Just over a month ago, I attended the funeral of two dear friends. The service was devastatingly hard but also beautifully and wonderfully hopeful.
As the church reached its capacity and crowds gathered outside it was clear that this devoted couple had touched the lives of many, many individuals.
And as the same pastor who had preached at their wedding stood up to preach again, he did not avoid that awful reality of what had happened. Death is terrible, he said.
I was already in tears, and they became impossible to control when the coffins were carried in. As the undertakers carefully placed my two friends at the front of the church, the reality of death swept over me again and I was reminded of a day 11 years ago as I watched one of my best friends, in the same way, being carried down the aisle.
At 11, death seemed impossible, everything about it felt wrong. At 22, nothing has changed. I can’t describe the feeling of watching the undertakers carry in the coffin of someone you love.
Death has become a sort of taboo in Western society, no one really wants to talk about it. And I see why. Even as a kid I’d catch myself awake at night, thinking about death, and absolutely terrified by it. Death is terrible, it is inescapable and it brings into question the very significance of our lives.
Death threatens to destroy everything, it tears families apart, destroys lives, renders our achievements meaningless. It takes away those we love and it takes them far too soon. Every death that I remember grieving has been sudden, unexpected and has taken far too young.
We cannot avoid the reality of death, and so the question is: what hope do we have in the face of this powerful enemy?
The Harry Potter book series provides a lot of reflections on the nature of life and death. And that’s pretty much what half of my dissertation was about. On the tombstone of Harry’s parents is this engraved sentence:
The last enemy that shall be destroyed is death.
As I analysed these words in my dissertation, I had no idea that I would soon be grappling with such truths in a very real, raw and personal way.
In Harry Potter, Hermione clarifies to Harry that this doesn’t mean eradicating death but instead points to the hope of living after death. These words point to the hope of resurrection, that we will rise again and the death will ultimately be defeated.
A valid question would now be: how can this hope be possible?
These words are not insignificant. Rowling is directly quoting a verse from the Bible, from a letter that Paul the Apostle wrote to the Corinthians. Earlier in the paragraph he writes to them:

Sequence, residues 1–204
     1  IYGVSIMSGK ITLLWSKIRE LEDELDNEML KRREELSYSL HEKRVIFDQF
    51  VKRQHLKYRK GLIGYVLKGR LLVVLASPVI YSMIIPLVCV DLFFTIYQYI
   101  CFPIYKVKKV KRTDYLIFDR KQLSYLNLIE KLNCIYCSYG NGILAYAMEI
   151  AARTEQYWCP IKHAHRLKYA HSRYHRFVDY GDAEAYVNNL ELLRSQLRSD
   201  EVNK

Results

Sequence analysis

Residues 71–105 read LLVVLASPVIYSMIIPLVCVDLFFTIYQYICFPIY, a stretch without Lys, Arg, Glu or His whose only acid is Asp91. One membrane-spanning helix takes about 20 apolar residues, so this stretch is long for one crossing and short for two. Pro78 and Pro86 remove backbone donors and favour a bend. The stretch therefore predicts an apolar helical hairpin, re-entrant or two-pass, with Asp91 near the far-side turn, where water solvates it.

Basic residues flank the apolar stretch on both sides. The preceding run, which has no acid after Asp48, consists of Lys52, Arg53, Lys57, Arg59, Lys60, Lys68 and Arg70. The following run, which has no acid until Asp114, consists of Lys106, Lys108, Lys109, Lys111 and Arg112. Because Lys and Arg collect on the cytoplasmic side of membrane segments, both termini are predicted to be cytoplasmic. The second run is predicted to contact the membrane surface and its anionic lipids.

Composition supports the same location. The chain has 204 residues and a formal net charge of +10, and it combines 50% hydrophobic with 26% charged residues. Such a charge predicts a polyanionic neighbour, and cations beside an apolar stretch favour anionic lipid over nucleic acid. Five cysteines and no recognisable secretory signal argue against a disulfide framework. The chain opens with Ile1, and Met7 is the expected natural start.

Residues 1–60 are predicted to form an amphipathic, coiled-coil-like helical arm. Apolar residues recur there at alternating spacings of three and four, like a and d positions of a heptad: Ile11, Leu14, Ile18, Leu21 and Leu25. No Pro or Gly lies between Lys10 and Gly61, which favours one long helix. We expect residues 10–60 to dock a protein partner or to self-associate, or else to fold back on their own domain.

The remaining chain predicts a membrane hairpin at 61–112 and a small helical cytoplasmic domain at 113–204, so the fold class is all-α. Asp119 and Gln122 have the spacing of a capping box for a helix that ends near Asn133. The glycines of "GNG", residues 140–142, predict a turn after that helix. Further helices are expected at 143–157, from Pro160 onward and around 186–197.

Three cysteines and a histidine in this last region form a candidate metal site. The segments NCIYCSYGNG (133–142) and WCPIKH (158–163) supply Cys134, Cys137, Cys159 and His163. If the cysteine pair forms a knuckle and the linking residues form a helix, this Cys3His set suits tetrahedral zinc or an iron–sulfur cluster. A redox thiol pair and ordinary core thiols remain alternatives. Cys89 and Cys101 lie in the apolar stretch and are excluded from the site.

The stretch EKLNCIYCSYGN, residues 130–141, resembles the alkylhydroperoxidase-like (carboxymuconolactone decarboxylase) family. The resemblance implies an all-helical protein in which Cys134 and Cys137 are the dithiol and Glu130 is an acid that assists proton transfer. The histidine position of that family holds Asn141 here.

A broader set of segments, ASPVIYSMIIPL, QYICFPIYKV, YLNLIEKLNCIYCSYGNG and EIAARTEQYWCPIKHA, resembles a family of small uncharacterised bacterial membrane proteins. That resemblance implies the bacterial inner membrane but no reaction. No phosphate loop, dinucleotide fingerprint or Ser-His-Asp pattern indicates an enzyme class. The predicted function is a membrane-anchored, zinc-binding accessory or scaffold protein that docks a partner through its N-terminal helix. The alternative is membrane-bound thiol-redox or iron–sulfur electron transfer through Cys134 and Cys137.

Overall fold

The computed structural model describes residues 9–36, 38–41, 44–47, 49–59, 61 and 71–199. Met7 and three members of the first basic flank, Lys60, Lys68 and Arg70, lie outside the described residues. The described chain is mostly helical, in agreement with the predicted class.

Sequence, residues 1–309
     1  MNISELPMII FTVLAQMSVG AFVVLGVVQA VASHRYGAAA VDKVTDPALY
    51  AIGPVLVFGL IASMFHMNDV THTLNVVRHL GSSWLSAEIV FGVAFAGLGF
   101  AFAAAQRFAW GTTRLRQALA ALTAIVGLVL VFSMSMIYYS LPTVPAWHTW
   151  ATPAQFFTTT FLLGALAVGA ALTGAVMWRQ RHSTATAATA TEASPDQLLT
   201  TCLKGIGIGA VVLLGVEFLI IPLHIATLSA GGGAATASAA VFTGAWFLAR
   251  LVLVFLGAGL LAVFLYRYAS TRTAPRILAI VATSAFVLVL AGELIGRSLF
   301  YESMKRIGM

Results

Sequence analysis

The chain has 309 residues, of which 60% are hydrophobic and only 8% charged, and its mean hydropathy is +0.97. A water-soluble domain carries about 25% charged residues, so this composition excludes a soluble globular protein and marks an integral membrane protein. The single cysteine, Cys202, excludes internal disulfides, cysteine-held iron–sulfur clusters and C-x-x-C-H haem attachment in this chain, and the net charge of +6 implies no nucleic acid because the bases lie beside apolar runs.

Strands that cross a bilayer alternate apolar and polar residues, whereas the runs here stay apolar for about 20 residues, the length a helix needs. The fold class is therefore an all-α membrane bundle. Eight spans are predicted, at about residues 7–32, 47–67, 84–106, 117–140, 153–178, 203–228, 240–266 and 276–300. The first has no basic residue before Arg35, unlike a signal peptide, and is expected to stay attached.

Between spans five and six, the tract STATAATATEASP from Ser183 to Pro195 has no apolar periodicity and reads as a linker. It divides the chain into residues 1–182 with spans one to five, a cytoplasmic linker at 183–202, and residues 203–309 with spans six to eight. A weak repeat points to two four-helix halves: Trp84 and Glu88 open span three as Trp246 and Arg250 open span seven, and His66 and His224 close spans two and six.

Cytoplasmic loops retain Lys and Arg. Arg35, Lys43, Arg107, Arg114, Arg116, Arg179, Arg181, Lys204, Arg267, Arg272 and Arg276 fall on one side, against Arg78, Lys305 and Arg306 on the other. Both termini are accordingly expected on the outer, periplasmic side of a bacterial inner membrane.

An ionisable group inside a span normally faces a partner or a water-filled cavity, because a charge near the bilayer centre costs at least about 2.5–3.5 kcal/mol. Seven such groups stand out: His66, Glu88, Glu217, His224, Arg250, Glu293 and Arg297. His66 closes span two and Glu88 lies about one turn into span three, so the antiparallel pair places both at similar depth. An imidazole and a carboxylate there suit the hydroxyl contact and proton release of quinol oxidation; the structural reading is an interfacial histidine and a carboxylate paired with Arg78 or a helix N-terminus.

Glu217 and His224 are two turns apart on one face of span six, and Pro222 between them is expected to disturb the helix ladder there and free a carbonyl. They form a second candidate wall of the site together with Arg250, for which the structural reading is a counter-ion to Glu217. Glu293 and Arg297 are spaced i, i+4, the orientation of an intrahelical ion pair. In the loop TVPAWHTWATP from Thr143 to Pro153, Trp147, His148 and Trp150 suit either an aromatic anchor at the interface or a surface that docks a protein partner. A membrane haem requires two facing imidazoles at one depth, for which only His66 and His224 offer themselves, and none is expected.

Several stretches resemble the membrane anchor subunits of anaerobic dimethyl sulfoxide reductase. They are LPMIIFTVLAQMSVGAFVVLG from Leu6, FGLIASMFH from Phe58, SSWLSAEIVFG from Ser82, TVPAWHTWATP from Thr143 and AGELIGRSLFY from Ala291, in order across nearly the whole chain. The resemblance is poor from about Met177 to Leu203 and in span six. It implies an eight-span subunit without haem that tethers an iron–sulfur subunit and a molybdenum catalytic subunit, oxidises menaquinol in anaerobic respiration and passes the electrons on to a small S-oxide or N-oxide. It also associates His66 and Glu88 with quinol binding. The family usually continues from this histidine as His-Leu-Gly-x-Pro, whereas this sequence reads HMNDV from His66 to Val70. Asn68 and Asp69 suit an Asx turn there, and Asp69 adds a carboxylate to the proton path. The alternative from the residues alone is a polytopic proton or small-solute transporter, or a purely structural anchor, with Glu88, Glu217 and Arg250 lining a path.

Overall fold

If the dead are not raised, then Christ has not been raised either. And if Christ has not been raised, your faith is futile; you are still in your sins. Then those also who have fallen asleep in Christ are lost. But Christ has indeed been raised from the dead, the firstfruits of those who have fallen asleep.
There’s a lot going on here, and you can find a much more detailed look at the message at globe.church However, I understand the main point to be this:
If dead people don’t rise then Christ has not been raised. But if Christ was raised, then those who follow him will be raised too. After he was crucified Jesus was placed in the tomb. Three days later there was no body in the tomb because Jesus had been raised. All those who trust in him, who are joined to him, will be raised too.
There is hope in the face of death because there is one who has overcome it. There is one who has conquered death.
Death has lost its sting.
And this is why there is something very different about my grief now to my grief just over a decade ago. Then I did not know the hope of the good news of Jesus Christ. Now, I do. I no longer grieve as one who has no hope. Instead, there is joy.
But if I’m truly honest, the reality is that often I do not feel the comfort of this hope, I feel the grief. And that is ok, after all, this hope isn’t supposed to instantly and completely take our pain away, it is a hope to hold on to as we desperately grieve and face the overwhelming pain of this broken world.
And so, as we sang in praise to our God who has defeated death, I felt the deep comfort of the hope of heaven in the words that follow:
And there we’ll find our home,
Our life before the throne
We’ll honour Him in perfect song
Where we belong.
He’ll wipe each tear-stained eye
As thirst and hunger die.
The lamb becomes our Shepherd King;
We’ll reign with Him.
Hear heaven’s voices sing;
Their thunderous anthem rings
Through em’rald courts and sapphire skies.
Their praises rise.
All glory, wisdom, pow’r,
Strength, thanks, and honour are
To God our King, who reigns on high
(There is A Higher Throne – Keith and Kristyn Getty)
The dome lit up with the sun’s bright rays, hands were raised in worship.
If Christ has been raised, whose who follow him will be raised too. And I am convinced that Christ has indeed been raised from the dead.